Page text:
Mr. Deputy Speaker, Sir, we, in the Public Service, consider hon. Ojode's concern as a challenge which provides us with a good opportunity to work with Parliament on the said issues as well as on other strategic interventions that will transform the Public Service into a performance-based, professional and patriotic entity in its primary mandate of providing and facilitating quality, equitable and timely services to Kenyans. Mr. Deputy Speaker, Sir, the Government has taken steps to institutionalise research-based management within the Public Service and to enhance leadership and co-ordination of the Public Service Reform and Development Programme (PSRDP). To this end, the Government established the Public Service Reform (PSR) and formed a secretariat in the Cabinet Office, headed by a Permanent Secretary to lead this process. The Government has also undertaken steps to strengthen the centre of Government to ensure that it has the capacity to facilitate and entrench this reform and development initiatives throughout the Public Service. In this connection, in July, 2006, I signed a performance contract with the Permanent Secretary, Public Service Reform and opened a secretariat to strategically address the above issues. To date, the following reservations are at various stages of development and/or implementation: (i) Enhanced service delivery to Kenyans through the Rapid Results Initiative (RRI) in all Ministries, State Corporations Local Authorities, Regional Development Authorities and, of course, the Parliamentary Service Commission (PSC). (ii) A draft integrated Human Resource Management Strategy is ready and will be finalised by June this year. This strategy includes institutional reforms affecting key institutions such as the Public Service Commission of Kenya, Directorate of Personnel Management, Cabinet Office as well as human resource management policies of recruitment, placement, promotion and mobility. When that is done, we will see a vibrant Public Service. (iii) A draft long-term Public Service Reform Strategy is ready and will be finalised by 30th, June, this year. This strategy will support the country's Vision 2030 target. (iv) Efforts to strengthen the Central Government to empower line-Ministries in delivery of services, is in progress. A report on the functional review of the Cabinet Office is being finalised for adoption and implementation. (v) A capacity-building programme for transforming the Public Service is currently being implemented. (vi) In order to further open up the Government and engage with Kenyans, an Information, Education and Communication Strategy is being implemented on the premise that Kenyans have a right and need to know the Government's Public Service reform agenda. Mr. Deputy Speaker, Sir, to underscore the importance the Government places on these issues and, fast-track the achievement of the result, we have established the following: (i) A Performance Management Steering Committee comprising a team of Permanent Secretaries supported by an inclusive technical team to enrich Government interventions, including the areas of concern to this House. (ii) This technical team comprises of representatives from various Ministries, the academia, private sector, Federation of Kenya Employers (FKE), COTU, the Kenya Civil Servants Union (KCSU), Maendeleo ya Wanawake Organisation, among others. The report will be submitted to me for action. Mr. Deputy Speaker, Sir, in addition, an inter-Ministerial task force on staffing distribution 432 PARLIAMENTARY DEBATES April 5, 2007 in the Public Service will undertake a situational analysis to determine the distribution of officers in the Public Service and make recommendations for further action. Mr. Deputy Speaker, Sir, I want to assure this House that the issues raised are of great concern to the Government and people of Kenya. As articulated above, the Government is taking deliberate and strategic steps to professionally, and without victimisation, address these issues and find long-term sustainable solutions. Mr. Deputy Speaker, Sir, to this end, I shall shortly be tabling in this House a Results and Performance Management Bill for debate by hon. Members. In contributing to the Bill, hon. Members will have the opportunity to constructively and exhaustively deliberate on it. I trust this will provide a legal framework for the effective management of the Public Service to ensure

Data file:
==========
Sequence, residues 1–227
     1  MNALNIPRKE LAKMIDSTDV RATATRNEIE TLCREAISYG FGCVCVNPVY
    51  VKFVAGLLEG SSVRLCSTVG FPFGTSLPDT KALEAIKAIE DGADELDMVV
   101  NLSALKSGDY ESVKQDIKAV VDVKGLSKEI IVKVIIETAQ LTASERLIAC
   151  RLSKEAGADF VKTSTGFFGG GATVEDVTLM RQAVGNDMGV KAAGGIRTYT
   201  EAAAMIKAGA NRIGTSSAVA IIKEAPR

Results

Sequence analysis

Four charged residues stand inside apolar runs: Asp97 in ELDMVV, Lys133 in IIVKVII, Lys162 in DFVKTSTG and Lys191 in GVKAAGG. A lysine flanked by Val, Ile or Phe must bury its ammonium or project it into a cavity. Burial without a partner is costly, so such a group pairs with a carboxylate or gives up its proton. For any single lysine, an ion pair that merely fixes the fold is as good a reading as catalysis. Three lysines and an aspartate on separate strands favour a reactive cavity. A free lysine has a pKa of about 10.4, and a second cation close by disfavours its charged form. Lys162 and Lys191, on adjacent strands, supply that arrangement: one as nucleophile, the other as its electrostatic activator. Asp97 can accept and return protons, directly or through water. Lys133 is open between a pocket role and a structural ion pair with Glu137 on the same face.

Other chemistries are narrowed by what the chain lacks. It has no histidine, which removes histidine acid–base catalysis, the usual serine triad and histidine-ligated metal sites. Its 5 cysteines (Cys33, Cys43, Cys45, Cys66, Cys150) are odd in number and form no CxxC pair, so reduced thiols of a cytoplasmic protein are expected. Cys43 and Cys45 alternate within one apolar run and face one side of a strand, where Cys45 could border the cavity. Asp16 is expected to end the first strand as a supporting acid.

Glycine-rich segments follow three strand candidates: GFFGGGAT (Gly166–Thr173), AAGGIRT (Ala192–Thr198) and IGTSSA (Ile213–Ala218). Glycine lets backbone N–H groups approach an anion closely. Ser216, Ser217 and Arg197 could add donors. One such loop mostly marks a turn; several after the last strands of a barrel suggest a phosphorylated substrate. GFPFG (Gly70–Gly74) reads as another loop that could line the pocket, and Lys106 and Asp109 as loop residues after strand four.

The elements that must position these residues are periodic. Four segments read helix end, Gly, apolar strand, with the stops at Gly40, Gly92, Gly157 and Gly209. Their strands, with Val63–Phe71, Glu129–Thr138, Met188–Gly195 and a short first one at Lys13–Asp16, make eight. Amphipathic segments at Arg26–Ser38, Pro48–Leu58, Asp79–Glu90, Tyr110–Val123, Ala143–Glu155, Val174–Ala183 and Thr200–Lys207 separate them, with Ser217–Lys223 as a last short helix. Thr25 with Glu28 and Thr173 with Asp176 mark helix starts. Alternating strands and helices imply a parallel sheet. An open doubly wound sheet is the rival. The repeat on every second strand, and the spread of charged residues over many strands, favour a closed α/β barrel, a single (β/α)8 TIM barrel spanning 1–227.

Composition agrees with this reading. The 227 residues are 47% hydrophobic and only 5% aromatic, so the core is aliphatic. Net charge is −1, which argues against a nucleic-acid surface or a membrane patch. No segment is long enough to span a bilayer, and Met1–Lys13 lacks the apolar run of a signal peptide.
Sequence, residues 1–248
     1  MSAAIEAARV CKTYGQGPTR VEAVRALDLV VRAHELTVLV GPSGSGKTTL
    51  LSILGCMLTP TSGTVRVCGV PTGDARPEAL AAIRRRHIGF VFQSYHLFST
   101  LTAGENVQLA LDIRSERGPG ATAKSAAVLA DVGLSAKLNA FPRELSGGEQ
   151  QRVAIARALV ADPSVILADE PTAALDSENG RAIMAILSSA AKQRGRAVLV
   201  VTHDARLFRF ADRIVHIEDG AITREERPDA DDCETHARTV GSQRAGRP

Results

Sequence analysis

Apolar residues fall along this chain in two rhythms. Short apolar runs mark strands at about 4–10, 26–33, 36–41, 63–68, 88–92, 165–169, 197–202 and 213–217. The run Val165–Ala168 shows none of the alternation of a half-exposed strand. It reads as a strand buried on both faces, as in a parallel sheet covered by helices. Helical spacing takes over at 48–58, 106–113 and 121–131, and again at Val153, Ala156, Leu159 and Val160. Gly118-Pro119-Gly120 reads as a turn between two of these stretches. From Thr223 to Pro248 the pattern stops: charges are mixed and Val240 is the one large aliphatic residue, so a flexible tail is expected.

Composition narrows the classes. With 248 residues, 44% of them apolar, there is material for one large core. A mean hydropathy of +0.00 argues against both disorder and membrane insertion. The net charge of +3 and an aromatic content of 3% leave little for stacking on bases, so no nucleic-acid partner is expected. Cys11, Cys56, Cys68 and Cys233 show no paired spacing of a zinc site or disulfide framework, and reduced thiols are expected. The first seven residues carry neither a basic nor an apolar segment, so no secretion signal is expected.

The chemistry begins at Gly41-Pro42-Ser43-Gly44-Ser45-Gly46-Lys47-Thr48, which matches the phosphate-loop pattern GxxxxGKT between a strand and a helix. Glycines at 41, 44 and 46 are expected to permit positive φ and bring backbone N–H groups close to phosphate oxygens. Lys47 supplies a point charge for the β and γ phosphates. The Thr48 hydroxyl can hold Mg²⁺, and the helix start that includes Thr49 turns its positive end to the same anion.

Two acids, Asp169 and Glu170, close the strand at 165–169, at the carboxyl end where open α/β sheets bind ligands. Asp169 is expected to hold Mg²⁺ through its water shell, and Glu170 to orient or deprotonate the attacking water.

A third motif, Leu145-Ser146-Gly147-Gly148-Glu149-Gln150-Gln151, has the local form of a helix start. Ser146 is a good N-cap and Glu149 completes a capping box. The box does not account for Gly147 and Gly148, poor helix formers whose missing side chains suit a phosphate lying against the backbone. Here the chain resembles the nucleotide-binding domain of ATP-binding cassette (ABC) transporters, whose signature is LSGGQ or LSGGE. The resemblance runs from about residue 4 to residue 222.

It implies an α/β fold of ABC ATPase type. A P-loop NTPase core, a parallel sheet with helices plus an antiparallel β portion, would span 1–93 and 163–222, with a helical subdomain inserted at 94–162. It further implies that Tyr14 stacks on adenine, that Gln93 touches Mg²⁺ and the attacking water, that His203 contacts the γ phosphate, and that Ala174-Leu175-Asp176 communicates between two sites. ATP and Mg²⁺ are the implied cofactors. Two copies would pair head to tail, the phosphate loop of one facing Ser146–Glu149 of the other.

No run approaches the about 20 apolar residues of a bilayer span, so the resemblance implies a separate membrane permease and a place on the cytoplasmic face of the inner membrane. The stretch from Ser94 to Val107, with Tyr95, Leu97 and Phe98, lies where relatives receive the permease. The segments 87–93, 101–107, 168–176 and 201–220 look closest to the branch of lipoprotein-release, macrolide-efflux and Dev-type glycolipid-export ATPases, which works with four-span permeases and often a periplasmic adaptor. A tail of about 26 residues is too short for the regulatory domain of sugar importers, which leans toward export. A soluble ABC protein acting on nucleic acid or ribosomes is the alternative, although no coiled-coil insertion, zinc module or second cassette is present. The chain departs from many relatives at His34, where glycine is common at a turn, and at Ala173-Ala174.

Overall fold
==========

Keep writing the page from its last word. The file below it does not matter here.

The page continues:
. Mr. Deputy Speaker, Sir, finally, I beg to table a list of public servants working in Ministries, Departments and State Corporations as follows; Office of the President, Kenya Railways, the Kenya Revenue Authority (KRA), Central Bank of Kenya (CBK), the Cabinet Office, Ministry of State, for Public Service, Ministry of Education, Ministry of Finance and Telkom (K) Ltd.